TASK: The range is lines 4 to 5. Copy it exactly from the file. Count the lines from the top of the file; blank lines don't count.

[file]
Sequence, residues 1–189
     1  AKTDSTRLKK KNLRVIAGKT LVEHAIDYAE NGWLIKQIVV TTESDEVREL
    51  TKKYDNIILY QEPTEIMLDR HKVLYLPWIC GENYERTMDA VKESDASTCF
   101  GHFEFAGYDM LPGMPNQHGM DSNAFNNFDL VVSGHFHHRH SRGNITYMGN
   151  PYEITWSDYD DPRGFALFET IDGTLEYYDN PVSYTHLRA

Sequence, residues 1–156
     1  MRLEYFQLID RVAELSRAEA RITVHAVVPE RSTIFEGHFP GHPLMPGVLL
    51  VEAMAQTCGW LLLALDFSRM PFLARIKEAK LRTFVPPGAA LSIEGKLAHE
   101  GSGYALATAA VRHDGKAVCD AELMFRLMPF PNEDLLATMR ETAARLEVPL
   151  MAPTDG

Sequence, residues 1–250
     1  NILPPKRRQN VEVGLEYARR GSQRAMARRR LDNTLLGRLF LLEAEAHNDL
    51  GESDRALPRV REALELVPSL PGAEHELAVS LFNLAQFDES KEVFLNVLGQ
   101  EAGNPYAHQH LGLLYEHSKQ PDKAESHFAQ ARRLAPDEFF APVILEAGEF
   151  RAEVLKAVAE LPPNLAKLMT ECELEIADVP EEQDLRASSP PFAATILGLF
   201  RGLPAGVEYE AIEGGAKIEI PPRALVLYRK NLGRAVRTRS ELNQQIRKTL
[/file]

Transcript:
   101  GHFEFAGYDM LPGMPNQHGM DSNAFNNFDL VVSGHFHHRH SRGNITYMGN
   151  PYEITWSDYD DPRGFALFET IDGTLEYYDN PVSYTHLRA